Flu season is well underway in Massachusetts—and with it the body aches, congestion, fatigue and other ills associated with our collective seasonal misery. Now veterinarians at the MSPCA’s Angell Animal Medical Center in Boston are concerned about a second category of potential victims: dogs.
There is zero risk of dogs contracting human flu—nor is there a canine flu epidemic underway in Massachusetts. However, several states, including Illinois, Georgia and Kentucky, are racking up hundreds of positive canine flu tests and that has the veterinary community concerned.
“This flu season has been severe for humans and that’s why there is so much attention on flu right now,” said Dr. Virginia Sinnott of Angell Animal Medical Center. “And even though our dogs are not at risk for human flu, we should be taking any measures we can to protect them from the canine version of the virus, which is as miserable for them as the human version is for us.”
Just like the human influenza virus, dog flu is extremely contagious. This particular strain—H3N2—can remain contagious for up to 24 days following infection. “By contrast, dogs suffering with the more common strain of flu [H3N8] remain contagious for only about a week,” said Dr. Sinnott.
Since March 2015, when this more contagious strain of canine flu was first spotted in the U.S., veterinarians have treated dogs in 46 states, including Massachusetts, underscoring the need for vigilance.
“Dog flu is made all the more common because dogs frequently greet each other nose-to-nose, making even casual contact risky for transmission,” said Dr. Sinnott. “For dogs who come down with the flu, the symptoms can include severe coughing, fatigue, labored breathing and lack of appetite.”
Dr. Sinnott recommends that dogs experiencing any of these symptoms immediately be evaluated by their veterinarian.
Assessing the Risk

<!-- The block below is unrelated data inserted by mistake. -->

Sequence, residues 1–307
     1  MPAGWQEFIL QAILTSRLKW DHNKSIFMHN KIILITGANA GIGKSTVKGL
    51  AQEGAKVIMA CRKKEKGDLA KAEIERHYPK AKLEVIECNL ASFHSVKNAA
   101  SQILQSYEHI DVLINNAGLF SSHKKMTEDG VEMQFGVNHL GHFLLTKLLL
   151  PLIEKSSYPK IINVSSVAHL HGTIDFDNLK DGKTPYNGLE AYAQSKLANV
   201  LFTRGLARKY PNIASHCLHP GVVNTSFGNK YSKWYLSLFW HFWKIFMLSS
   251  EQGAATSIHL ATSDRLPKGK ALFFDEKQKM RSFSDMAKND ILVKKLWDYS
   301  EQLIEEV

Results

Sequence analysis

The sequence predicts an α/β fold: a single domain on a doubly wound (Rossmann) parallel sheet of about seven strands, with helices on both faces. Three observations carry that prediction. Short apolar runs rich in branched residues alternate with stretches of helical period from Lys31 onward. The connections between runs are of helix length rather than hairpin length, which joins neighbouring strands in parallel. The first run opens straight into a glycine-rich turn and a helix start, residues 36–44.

Dog flu outbreaks can happen any time of year—not necessarily just in wintertime—which is typically peak season for human flu outbreaks. Even so, there are risk factors associated with the season that Dr. Sinnott recommends pet owners be mindful of, namely: kenneling.
“We’ve had a really cold winter and Massachusetts families understandably will be flying to warmer climes in droves during the February school vacation week—and in many cases their pet dog will be kenneled for the time that they’re away,” she said.
Prevention: Reducing the Odds that Fido Falls Sick
Dr. Sinnott stresses tried and true prevention measures to reduce the risk of our dogs falling sick, in particular heeding the following guidelines:
1) If traveling with dogs to any of the states that have experienced an outbreak (including Pennsylvania, Colorado, Florida and California), steer clear of all dog parks, veterinary hospitals (save for emergency treatment) or other areas in which dogs assemble. Follow Cornell University College of Veterinary Medicine’s real-time canine flu tracker for updates on positive tests around the country.
2) Consider having your dog vaccinated against the flu—but do not mistake vaccination as a sure-fire preventative as there are many different strains and, just like with the human flu vaccine, it is not effective 100 percent of the time. Dr. Sinnott estimates that the vaccine is about 60 percent effective.
3) Know the primary signs of canine flu which generally include coughing, runny nose, decreased activity, decreased appetite, and generally seeming unwell. If any of these symptoms are present, call your veterinarian immediately.
4) If your dog is sick, seek treatment at your veterinarian’s office or Angell—but inform staff upon arrival if you suspect flu, and keep well clear of all other dogs in the waiting area(s).
Dr. Sinnott recommends travelers be especially diligent when it comes to boarding dogs. “We would recommend booking dogs into kennels that have established vaccination and cleaning protocols and are willing to share those details with pet owners, as that significantly reduces the risk of an outbreak.”
Canine flu is not fatal in most cases, nor does it pose a threat to humans, cats or other pets. However, the odds of dogs contracting the illness after exposure are nearly 100 percent. And the experience is a miserable one.
“Dogs are sick on average for 10 to 20 days and it’s extremely uncomfortable for them—on par with how we feel when we get the flu. No one wants to see their pet suffer through this. While we should not panic, we should do all we can to keep our dogs from contracting the illness.”